The goal of this assignment is to demonstrate your mastery of data structures by: 1) creating a new data

structure; and 2) using that data structure as part of a larger software system. This assignment has one

implementation requirement and one evaluation requirement, both detailed below.


Implement a combination spell checker and word prediction utility in American English. A spell checker is

a software feature often built into word processors like Google Docs, in browser input boxes, etc. The

spell checker detects misspelled words and has the ability to suggest alternatives. Most spell checking

software is built on a lot of knowledge of how misspellings occur — for example, the word “bizarre” is

frequently misspelled with one “r” (“bizare”) — and is often guided by word frequency counts. Similarly,

word prediction anticipates the word being typed based on the first letters in the word.

There are versions of word prediction utilities, like predictive text, which anticipates the next word based

on the previous words. Predictive text is not in scope for this assignment.

The utilities will be combined and implemented using a trie, a tree-based data structure not discussed in

detail during class time. Once built, you will evaluate its performance on a “frequently misspelled”

database. Because the spell checker / word prediction required for this implementation is not built on a

state of the art model, our implementation will make mistakes and have unusual suggestions. You will

suggest improvements to the system in order to improve the spell checker’s performance.

Part 1 – Trie

Figure 1: Graphical representation of a trie, from

Use a trie (pronounced either like “tree” or “try”) to implement a spell checker. Also known as a prefix tree,

a trie is a tree-based data structure. Figure 1 shows one example trie, appropriate for this implementation.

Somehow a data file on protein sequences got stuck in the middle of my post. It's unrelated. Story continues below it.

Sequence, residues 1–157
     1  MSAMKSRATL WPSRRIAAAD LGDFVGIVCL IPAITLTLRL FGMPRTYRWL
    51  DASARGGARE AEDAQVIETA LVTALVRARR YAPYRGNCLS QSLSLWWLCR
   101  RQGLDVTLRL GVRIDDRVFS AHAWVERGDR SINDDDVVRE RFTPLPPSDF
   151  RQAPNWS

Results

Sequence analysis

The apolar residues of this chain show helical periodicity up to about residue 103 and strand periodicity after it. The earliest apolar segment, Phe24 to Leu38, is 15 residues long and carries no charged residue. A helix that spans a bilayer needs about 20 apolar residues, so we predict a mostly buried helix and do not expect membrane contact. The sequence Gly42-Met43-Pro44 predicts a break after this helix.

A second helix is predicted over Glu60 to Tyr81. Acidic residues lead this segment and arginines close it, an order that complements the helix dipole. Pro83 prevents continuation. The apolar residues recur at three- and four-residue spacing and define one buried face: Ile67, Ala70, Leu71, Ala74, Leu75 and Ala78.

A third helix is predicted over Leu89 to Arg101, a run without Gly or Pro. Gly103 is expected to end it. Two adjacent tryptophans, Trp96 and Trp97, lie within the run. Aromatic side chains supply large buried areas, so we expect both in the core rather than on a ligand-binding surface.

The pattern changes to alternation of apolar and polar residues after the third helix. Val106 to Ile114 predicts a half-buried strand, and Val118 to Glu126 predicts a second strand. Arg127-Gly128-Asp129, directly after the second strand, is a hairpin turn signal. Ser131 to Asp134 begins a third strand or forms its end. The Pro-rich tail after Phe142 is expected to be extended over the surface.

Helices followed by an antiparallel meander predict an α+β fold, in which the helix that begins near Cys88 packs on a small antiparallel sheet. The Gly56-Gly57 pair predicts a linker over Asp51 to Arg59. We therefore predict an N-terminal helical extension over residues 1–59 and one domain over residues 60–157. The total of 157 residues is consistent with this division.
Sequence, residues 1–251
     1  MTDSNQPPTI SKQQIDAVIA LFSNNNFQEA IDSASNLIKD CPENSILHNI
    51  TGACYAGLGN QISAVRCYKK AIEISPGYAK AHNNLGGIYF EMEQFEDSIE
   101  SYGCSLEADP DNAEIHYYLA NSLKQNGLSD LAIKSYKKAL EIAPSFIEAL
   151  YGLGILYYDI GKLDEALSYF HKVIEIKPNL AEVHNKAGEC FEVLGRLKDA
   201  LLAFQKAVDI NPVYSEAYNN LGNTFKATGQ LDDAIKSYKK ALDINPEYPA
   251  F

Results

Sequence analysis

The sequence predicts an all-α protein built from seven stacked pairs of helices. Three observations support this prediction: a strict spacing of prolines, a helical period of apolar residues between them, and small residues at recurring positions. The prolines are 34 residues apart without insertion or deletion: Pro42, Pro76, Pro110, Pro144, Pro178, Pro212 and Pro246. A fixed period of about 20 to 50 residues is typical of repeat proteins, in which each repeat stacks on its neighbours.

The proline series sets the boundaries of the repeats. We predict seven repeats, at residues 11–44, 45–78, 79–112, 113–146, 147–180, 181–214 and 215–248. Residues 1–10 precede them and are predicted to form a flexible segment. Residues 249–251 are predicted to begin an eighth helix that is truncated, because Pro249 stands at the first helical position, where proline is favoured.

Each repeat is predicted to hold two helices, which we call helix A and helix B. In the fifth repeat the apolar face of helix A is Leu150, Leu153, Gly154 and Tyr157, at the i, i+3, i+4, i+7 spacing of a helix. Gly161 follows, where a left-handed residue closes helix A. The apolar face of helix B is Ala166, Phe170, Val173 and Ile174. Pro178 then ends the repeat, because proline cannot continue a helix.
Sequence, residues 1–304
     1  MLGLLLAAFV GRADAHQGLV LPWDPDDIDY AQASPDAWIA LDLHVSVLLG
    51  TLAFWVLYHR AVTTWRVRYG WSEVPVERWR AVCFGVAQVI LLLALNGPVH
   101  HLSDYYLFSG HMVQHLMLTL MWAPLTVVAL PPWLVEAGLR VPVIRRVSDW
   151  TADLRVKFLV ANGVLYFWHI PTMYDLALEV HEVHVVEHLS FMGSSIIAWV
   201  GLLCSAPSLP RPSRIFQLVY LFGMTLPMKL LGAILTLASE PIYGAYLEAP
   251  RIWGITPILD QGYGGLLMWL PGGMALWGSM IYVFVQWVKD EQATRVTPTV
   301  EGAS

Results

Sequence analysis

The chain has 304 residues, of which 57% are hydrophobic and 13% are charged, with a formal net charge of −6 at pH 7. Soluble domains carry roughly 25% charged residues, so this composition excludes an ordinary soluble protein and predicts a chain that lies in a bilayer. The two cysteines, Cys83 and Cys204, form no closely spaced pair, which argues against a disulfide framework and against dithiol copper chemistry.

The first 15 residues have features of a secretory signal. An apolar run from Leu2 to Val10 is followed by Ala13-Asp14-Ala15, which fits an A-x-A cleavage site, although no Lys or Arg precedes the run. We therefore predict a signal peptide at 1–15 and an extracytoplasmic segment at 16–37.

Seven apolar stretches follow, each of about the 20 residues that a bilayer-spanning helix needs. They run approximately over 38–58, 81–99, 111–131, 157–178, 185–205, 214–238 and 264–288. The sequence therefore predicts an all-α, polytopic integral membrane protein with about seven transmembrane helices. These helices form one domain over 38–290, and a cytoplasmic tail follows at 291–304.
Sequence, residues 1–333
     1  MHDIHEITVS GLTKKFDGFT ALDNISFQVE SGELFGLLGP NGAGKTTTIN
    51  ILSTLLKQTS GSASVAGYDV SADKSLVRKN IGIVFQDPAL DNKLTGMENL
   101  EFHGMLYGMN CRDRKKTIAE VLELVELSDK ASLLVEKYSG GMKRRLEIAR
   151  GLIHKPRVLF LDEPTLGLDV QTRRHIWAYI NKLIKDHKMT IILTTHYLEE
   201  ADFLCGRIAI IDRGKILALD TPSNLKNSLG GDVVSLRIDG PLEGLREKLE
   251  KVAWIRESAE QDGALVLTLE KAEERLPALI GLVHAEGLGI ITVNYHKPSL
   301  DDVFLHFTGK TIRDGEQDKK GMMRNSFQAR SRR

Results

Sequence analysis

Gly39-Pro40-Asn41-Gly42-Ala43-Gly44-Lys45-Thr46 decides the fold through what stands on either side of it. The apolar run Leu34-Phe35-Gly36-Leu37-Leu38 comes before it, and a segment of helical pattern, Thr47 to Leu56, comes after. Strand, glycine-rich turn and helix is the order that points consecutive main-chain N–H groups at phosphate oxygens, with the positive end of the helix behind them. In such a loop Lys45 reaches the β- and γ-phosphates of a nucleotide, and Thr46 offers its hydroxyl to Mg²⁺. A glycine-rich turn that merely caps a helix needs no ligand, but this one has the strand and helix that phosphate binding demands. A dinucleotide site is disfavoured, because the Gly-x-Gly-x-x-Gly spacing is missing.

Each node in a trie may represent a type (word) or the partial spelling of a type. A leaf node in the may

represent the full spelling of a type, along with its frequency. In Figure 1 for example, leaf nodes (“a”, “to”,

“tea”, “ted”, “ten” and “inn”) are valid types in American English. The parent of a leaf node may represent

one of two items, either:

● The partial spelling of one or more types (eg. “te” in Figure 1)

● The full spelling of a type (eg. “i” or “in” in Figure 1)

Figure 1 represents one possible trie for spelling in which the entire prefix is stored in each node. The

path from root to leaf for a type like “inn” contains nodes () —> (i) —> (in) —> (n). There are

implementations of a trie in which each node contains only the previous letter of the prefix. In this

implementation, the path from root to leaf for a type like “inn” would contain nodes () —> (i) —> (n) —>

(n). Either implementation is acceptable for this assignment.

Part 2 – Data

Fill the trie with data from the file unigram_freq.csv. This file will be supplied to your implementation as the

first argument. This file is from Rachael Tatman’s English Word Frequency. It contains the 333,333 most

frequently used types from Google’s Trillion Word Corpus, along with the frequencies of those types, in

CSV format. Each type, including proper names like “Michelle”, is converted to lowercase, and there are

no repeated entries in the file.

The first 5 lines of this file are as follows:






The first line of this file describes each column. (This is common in CSV data files.) This line may be

ignored. All subsequent lines contain a type, a comma and an integer representing the frequency of the

type in the corpus (data set). The second line shows the most frequent type in the corpus is “the”, with

more than 23 billion tokens (i.e. used more than 23 billion times in the corpus).

Part 3 – Mechanism for Check Spelling & Word Prediction

The overall class design is up to you, but your implementation must contain at least one Java class

named Spelling, which must expose at least one public function, suggest(…), which itself must

take two parameters: token and count, and must return a List of String instances. In other words, the

function in must have the following header:

public List> suggest (String token, int count)

Assuming the parameter token contains n characters, for each character (1 .. n), the suggest(…)

function adds count types for the token. The suggested types should be the most frequent which share